Culture

Ensuring Your Child's Driver’s License Isn't a License to Kill

04_03_TeensDriving_01
04/10/15
In the Magazine
Pasco County Fire Rescue personnel lift a 17-year-old driver over what remains of the wall his car drove through in July 1997. Motor vehicle crashes are the leading cause of death for teenagers in the United States. Tampa Bay Times/ZUMA

One day I’ll hand my daughter her first weapon. A massive, 3,700-pound, hulking piece of lacquered steel. A gas-slurping, road-hogging, hydraulic-steering automobile. After many practice runs she’ll sit alone behind the wheel, and I’ll sit alone at home, praying for her safe return. “The first 30 to 90 days of independent driving are the deadliest,” says Pam Fischer, former director of the New Jersey Division of Highway Traffic Safety and leader of the New Jersey Teen Safe Driving Coalition.

For most parents, a car for their children means both freedom and fear. We can’t wait for them to drive themselves to hockey and swim practice. They can’t wait to make a clean break, severing that figurative umbilical cord with the turn of a key.

But a kid and four wheels can make for a deadly combination. Motor vehicle crashes are the leading cause of death for teenagers in the United States. In 2013, 2,524 teens died in motor vehicle crashes, according to the Insurance Institute for Highway Safety. Almost two out of three were male. In 2003, the number of deaths was 5,718; and in the 1980s, it was not uncommon to lose over 7,000 kids a year. “We have brought down the number of teen deaths across the country tremendously,” says Fischer. “But as a safety advocate, [I say] zero is the only acceptable number.”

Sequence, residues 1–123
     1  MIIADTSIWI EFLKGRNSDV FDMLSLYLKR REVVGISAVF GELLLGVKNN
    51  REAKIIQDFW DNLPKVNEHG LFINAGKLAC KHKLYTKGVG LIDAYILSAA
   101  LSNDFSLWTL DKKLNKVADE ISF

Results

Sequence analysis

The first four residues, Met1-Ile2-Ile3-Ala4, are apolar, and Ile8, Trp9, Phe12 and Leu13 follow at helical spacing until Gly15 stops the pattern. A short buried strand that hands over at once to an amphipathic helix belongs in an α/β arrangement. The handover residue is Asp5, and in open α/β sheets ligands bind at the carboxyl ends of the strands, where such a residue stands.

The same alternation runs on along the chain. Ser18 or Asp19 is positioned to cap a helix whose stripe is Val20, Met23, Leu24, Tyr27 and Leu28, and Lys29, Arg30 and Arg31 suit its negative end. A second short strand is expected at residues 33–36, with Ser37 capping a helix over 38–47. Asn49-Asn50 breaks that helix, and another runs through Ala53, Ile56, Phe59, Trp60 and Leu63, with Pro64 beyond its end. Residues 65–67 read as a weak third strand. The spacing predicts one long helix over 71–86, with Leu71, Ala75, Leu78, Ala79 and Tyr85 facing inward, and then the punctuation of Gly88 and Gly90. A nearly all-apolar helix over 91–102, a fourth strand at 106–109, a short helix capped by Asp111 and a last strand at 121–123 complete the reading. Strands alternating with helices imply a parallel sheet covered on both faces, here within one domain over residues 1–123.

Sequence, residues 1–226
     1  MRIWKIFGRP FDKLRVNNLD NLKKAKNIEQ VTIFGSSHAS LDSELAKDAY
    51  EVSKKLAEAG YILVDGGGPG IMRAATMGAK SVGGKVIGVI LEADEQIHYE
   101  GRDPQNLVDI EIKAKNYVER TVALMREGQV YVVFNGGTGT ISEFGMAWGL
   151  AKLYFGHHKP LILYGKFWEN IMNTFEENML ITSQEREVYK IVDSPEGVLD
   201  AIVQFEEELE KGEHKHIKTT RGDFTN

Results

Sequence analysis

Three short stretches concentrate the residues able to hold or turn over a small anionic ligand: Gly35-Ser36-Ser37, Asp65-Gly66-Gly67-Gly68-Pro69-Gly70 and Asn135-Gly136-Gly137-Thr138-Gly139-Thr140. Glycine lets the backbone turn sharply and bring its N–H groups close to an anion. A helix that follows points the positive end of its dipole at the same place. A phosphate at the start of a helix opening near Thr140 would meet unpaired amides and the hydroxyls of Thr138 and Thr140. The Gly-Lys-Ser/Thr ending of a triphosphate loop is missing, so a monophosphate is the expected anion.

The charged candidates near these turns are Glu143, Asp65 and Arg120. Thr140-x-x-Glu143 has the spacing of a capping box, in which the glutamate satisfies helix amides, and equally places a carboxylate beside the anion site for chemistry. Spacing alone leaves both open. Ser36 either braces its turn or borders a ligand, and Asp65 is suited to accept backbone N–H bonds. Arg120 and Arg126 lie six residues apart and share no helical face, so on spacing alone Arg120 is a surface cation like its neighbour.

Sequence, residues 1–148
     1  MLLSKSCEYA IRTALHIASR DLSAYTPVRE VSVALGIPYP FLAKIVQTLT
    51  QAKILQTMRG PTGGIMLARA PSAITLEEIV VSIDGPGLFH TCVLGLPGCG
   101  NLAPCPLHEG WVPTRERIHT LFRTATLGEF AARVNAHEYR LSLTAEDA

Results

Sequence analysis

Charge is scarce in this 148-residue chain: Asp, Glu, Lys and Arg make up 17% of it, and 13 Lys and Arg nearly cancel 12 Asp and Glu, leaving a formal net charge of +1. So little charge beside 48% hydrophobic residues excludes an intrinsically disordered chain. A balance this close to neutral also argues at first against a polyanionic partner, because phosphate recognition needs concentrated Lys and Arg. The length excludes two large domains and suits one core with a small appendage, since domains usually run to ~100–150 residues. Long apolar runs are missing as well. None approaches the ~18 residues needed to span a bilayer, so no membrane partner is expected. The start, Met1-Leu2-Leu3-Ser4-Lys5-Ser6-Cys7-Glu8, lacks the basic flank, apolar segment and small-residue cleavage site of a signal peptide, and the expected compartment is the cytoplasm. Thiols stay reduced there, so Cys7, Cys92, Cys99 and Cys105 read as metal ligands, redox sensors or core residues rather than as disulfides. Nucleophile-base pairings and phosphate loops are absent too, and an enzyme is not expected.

That downward trend is partly the result of graduated driving licensing laws that states began implementing in the mid-1990s. Driving privileges are granted through a three-tier program: learner’s, intermediate and full licensing. Requirements vary widely from state to state—one can get a learner’s (or restricted) permit as young as 14 or as old as 16. Six states start at 14. Most states mandate that a learner complete a certain number of supervised driving hours, usually with a parent or guardian. South Dakota and Arkansas do not require supervised hours, while Massachusetts demands 30 to 40 hours of supervised driving, on top of a mandatory 12 hours of behind-the-wheel classes with a licensed professional. Most states impose curfews for intermediate license holders, because studies have shown that almost half of fatal teen crashes occur at night.

All but three states restrict the number of teen passengers that an intermediate driver can tote along. When two or more teen passengers are in the vehicle, the crash risk is three times as high. New Jersey is the only state where learner’s and intermediate licensees must display a reflective decal, a practice Britain and Spain have used for years to help law enforcement identify novice drivers. After the first two years of its decal implementation, New Jersey’s teen crash rate went down almost 10 percent.